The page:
This hiring is a big deal for a franchise that has not made the NBA Playoffs for 12 years, the longest current playoff drought in the league. Ever since trading Kevin Garnett to the Celtics in 2007, the Timberwolves have been in a perpetual rebuilding state but there is hope on the horizon. They have the past two top overall draft picks in Andrew Wiggins and Karl-Anthony Towns, both of whom look like budding stars. Zach LaVine and Shabazz Muhammed also are intriguing pieces and Minnesota will add another top draft pick in this summer's draft.
But these guys were all in the mix this season for a team that won 29 games and played some awful defense at times. That's where Thibodeau comes into play. Thibodeau is rightfully regarded to be one of the elite defensive minds in basketball and every single one of his teams in Chicago played very strong defense and they hit the boards hard. The Wolves have pieces that could be put together to make a quality defense, namely athleticism across the board, and so it is not as if Thibodeau doesn't have things to work with.
Thibodeau was able to have plenty of success in Chicago because he was able to get everything out of his players, even when his teams got hit by injuries. However, that also fits into one of the notable downsides to Thibodeau is that he rides his players too hard and leaves them susceptible to injury. That was why many of his Bulls teams were not healthy come playoff time and why I didn't like him for the Pelicans job last year. Plus, those teams in Chicago were all veteran clubs for the most part and now he is going to one of the youngest clubs in the league.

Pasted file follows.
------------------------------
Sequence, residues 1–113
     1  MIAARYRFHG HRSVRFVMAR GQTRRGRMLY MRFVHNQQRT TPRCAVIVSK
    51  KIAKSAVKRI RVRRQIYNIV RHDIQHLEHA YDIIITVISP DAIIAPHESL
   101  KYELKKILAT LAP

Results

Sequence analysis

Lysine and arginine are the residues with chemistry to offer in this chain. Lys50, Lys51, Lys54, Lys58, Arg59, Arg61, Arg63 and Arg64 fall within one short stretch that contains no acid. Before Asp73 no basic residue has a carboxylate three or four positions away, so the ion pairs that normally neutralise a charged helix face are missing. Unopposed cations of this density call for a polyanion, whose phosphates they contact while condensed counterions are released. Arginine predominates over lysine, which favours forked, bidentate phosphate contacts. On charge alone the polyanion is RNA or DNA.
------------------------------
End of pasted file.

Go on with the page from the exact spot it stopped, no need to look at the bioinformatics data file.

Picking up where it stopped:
But what is key now is that Thibodeau is solely in charge, so he won't have the issues with the front office that ultimately cut his run short with the Bulls. It's similar to the setup that Stan Van Gundy, another hard-charging coach, has in Detroit and it is safe to say that it is going pretty well thus far. Thibodeau did handpick a general manager and he picked former Jazz and Knicks general manager, under whom he worked in New York. Of course, Layden did such a bad job with the Knicks that he was replaced by the one, the only, Isiah Thomas.
In the end, there is hope for the first time in a decade for basketball fans in the Twin Cities. He may not be the perfect coach but the guy wins and he gets everything he can out of his teams. For a team with such a talented core at hand, it is very easy to be thrilled for what is to come.